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Step 1: Employer applies for

Labour Market Impact

Assessment, if necessary.

Before a Temporary Work Permit can be issued, the Canadian employer who wishes to hire a temporary foreign worker may need to apply for and be granted a positive Labour Market Impact Assessment (LMIA) by ESDC, which will grant a positive LMIA if it is satisfied that there is no Canadian citizen or permanent resident is available to do the job.

Work Permits may be issued by Canadian immigration officials without the LMIA requirement in a limited number of situations, as follows:

  • Under international agreements, such as the North American Free Trade Agreement (NAFTA);
  • Due to the significant economic, social or cultural benefits the work activity will bring to Canadians;
  • As part of reciprocal agreements Canada and its provinces/territories have entered into with other countries, such as youth and teacher exchange programs;
  • So that international students studying in Canada can fulfill academic requirements, known as co-op placements;
  • To allow the spouses/common-law partners of Work Permit and certain Study Permit holders in Canada to work in Canada;
  • Because the nature of the work is charitable or religious;
  • In recognition that certain persons in Canada for reasons other than the above-mentioned, such as the making of a refugee claim, need to support themselves.


Step 2: Employer

 extends Temporary Job Offer.

Once the LMIA is granted, the Canadian employer can provide a temporary job offer to the foreign worker. The employer must send a copy of the positive LMIA along with a detailed job offer letter to the foreign worker.


Step 3: Foreign Worker applies

for Work Permit.



With these documents, the foreign worker can apply to ESDC for a Canada Temporary Work Permit.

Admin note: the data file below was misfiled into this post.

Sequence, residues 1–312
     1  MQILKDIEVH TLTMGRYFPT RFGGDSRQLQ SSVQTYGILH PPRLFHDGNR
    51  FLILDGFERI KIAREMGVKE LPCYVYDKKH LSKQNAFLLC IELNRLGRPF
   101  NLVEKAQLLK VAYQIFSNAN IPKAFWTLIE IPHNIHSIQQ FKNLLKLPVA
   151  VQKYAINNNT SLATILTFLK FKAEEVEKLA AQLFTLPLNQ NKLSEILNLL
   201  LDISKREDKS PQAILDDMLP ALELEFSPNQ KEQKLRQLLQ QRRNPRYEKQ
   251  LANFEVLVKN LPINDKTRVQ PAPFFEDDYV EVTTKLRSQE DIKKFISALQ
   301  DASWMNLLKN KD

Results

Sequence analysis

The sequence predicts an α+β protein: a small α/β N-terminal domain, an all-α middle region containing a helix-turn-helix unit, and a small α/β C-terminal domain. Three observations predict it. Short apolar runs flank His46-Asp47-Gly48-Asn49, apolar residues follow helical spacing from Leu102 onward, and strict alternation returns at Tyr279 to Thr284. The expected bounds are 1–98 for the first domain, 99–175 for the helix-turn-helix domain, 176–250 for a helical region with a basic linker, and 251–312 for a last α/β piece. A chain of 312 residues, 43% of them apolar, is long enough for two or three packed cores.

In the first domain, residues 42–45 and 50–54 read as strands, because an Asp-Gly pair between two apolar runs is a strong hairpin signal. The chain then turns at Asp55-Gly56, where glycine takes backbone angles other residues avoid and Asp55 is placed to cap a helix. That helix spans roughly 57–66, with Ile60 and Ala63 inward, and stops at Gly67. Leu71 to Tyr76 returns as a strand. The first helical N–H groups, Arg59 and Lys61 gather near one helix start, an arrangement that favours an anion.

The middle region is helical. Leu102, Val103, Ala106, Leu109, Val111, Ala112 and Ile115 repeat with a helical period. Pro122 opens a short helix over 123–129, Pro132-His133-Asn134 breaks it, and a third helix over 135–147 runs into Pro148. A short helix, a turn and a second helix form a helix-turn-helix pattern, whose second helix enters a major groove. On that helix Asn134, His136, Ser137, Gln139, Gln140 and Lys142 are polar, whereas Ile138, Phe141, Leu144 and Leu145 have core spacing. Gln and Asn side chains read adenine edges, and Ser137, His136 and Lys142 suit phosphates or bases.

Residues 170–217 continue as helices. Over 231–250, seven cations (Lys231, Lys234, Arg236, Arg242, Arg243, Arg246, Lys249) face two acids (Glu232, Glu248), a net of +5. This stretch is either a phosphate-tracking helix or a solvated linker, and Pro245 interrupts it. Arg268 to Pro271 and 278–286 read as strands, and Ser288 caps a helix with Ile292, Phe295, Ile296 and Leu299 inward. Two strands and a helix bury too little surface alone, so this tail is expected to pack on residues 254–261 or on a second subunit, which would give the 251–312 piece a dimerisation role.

If the Canadian employer that is hiring is in the province of Quebec, the foreign worker may also need to obtain a Certificat d’acceptation du Québec (CAQ) in order to work temporarily in Quebec. There are a number of professions in Quebec that are ‘facilitated’ and eligible for streamlined processing. Local recruitment efforts do not need to be performed by employers as part of their applications to hire temporary foreign workers for these positions in Quebec.


Step 4: Work Permit is issued.

A Canada Border Services Agency (CBSA) officer will issue the Canada Temporary Work Permit at the point of entry when the foreign worker arrives in Canada.


Do you have a Canadian job offer and

need a Work Permit?


In almost all cases, individuals with a job offer from a Canadian employer must secure a Temporary Work Permit to perform work in Canada.

A Temporary Work Permit may be issued for a period of time ranging from a few days to a few years. In most cases, the process of applying for a Work Permit is twofold. First, the Canadian employer must receive government permission to hire outside Canada. Once this permission has been granted, the designated employee must apply for and receive hi or her Work Permit.

A Work Permit granted for a specific job in Canada will be tied to that job. Consequently, an employee may only work for the employer specified on his or her Work Permit. If he or she finds different employment and does not yet have permanent resident status, he or she must apply for and receive a new Work Permit before performing another job in Canada.

There are a number of different ways to secure a Work Permit. Depending on one’s nationality, occupation, and intended work in Canada, there may be possibilities for expediting the process.

Are you a Canadian Employer who needs to obtain Work Permits for new employees?

Campbell Cohen’s Work Permit Service can take care of the entire Work Permit process for both Canadian employers and foreign workers.

Note that a Canada Temporary Work Permit is for tho

Permanent basis, foreign workers must undertake the Canadian immigration process. However, a Temporary Work Permit may be acanada-logo
. Once in Canada on a Temporary Work Permit, a foreign worker may qualify for Canadian immigration (permanent Residence) under the Canadian Experience Class (CEC), through aSkilled Worker category, or through one of the Provincial Nominee Programs.

Work in Canada: Basic Facts